Not Everyone Fits in the Box: Mental Health in Schools

A personal experience guest blog by Millie Green

10% of children and young people (aged 5-16 years) have a clinically diagnosable mental health problem. Yet 70% of children and adolescents who experience mental health problems have not had appropriate interventions at a sufficiently early age. (Mental Health Foundation)

This needs to change now! From the personal view of a child who has experienced the lack of support in schools, I feel that not providing the right provisions to our young people of today will massively impact their future well-being and academic achievements.

Years of a young person’s life are already hard enough, with physical changes and ever increasing responsibilities. To then add a mental health condition into the mix, creates a very complicated life for a young person.

In my younger years, I was a very sensitive child. I had a lot of worries during the day and had trouble sleeping at night. School was a battle for me. Along with some learning difficulties, I was also a very shy and anxious young girl. I struggled to express myself and ask for help when I needed it. Don’t get me wrong, I had my share of good times too. But these issues did affect me and I feel they have impacted my future. I felt as though I was just labelled as “shy” or “quiet”. I think this caused me to sink deep through the net which meant that teachers were unable to notice that I wasn’t coping. I’ve been moved around various schools and have also been home educated. The pastoral care in schools needs to be priority, as from someone who has experienced first-hand the struggle, I feel more care and support is needed.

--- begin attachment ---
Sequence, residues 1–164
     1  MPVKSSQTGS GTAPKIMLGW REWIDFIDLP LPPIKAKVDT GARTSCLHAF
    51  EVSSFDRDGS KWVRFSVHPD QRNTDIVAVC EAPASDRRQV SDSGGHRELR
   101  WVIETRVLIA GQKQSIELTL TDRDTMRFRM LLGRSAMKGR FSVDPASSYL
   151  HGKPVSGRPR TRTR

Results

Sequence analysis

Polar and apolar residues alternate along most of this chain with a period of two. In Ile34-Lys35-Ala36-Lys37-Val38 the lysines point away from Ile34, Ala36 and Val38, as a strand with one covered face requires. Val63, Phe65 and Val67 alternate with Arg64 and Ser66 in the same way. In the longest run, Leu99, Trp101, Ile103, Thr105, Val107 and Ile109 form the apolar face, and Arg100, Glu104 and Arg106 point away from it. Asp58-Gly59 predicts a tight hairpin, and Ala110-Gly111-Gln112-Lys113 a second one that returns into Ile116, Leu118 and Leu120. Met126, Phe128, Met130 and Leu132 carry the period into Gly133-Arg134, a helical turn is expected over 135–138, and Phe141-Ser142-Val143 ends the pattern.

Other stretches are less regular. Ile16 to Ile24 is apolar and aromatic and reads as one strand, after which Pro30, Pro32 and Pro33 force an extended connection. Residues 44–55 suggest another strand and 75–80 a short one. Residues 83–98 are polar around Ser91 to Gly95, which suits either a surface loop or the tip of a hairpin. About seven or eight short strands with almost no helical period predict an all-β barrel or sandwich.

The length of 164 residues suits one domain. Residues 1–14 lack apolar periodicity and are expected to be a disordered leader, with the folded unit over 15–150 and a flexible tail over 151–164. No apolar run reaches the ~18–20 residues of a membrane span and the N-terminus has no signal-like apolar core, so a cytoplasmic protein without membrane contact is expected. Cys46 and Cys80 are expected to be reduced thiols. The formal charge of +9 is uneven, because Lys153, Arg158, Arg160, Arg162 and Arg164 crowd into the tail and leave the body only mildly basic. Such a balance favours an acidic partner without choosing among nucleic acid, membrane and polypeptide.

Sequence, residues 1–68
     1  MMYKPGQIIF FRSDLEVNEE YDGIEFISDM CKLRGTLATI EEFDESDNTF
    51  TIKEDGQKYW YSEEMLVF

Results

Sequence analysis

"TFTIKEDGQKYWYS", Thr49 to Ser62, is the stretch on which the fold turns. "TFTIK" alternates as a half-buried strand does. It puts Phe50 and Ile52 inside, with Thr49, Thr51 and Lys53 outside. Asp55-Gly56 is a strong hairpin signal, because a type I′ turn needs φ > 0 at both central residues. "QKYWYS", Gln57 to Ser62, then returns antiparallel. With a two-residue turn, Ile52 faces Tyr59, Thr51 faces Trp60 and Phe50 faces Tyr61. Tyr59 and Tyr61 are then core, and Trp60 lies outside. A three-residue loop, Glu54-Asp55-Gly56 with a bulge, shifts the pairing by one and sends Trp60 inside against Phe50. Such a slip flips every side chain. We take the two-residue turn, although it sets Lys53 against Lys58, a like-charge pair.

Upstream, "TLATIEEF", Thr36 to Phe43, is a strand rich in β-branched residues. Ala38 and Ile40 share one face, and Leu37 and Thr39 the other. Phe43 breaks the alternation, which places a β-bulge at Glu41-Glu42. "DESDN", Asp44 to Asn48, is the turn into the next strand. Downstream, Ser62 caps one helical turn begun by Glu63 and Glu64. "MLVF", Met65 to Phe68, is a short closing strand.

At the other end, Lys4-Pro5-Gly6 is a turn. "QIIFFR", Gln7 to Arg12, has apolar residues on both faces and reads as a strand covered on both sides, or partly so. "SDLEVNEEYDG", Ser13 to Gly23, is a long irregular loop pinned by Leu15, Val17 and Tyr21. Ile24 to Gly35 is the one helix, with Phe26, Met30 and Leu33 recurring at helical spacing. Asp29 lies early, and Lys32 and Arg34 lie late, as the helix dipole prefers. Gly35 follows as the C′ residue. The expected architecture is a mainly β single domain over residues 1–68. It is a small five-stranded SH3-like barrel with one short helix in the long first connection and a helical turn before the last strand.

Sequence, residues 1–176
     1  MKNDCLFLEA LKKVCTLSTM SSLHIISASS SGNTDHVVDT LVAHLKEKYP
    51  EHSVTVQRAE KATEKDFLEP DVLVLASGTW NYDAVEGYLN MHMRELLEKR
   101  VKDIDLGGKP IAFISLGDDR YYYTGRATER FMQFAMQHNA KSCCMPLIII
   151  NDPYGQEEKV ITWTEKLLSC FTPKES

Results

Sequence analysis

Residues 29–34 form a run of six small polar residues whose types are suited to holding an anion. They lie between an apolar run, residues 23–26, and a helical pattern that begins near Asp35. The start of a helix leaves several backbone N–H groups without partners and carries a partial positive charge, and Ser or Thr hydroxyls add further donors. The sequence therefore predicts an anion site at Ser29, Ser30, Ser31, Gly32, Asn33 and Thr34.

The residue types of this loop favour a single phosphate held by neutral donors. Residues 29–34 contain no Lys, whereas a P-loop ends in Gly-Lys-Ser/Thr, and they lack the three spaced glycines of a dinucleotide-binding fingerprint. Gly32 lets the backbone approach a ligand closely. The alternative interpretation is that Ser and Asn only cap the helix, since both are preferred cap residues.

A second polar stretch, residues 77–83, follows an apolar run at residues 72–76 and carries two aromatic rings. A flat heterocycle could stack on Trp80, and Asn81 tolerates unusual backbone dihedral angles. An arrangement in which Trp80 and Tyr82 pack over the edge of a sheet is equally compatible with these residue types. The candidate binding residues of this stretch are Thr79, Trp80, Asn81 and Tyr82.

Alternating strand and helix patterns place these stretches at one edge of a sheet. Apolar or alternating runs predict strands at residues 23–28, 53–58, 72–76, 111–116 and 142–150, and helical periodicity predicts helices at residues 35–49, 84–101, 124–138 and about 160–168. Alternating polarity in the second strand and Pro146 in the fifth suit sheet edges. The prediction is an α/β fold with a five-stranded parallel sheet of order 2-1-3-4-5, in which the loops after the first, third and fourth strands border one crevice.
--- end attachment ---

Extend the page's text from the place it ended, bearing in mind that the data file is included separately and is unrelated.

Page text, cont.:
I feel schools need to educate young people on the importance of mental health and that it’s okay to not be okay. Education needs to include information on the symptoms of mental ill-health and coping mechanisms to help them carry on with a more effective mind-set. I feel that grades should not be the flashing lights to warn a teacher that a student isn’t coping. I feel that a support system or session should be put on in classes for students to be able to explain anything that is concerning them.

More should be done to link personal needs to education. Everybody’s wellbeing should be taken into consideration. Before you can see academic results in an individual, you must first check what’s going on inside. A positive mind-set is the foundation to building a student’s education.

Let’s Talk about Mental Health In schools.

Altruist Enterprises provide 1-hour interactive mental health awareness workshops for young people aged 9 – 19 years in schools and colleges. To find out more, please click here.

Millie has personally experienced mental ill-health and hopes to educate young people and those that support them to raise awareness of issues surrounding the subject. Millie feels that mental health should be priority in the education system.

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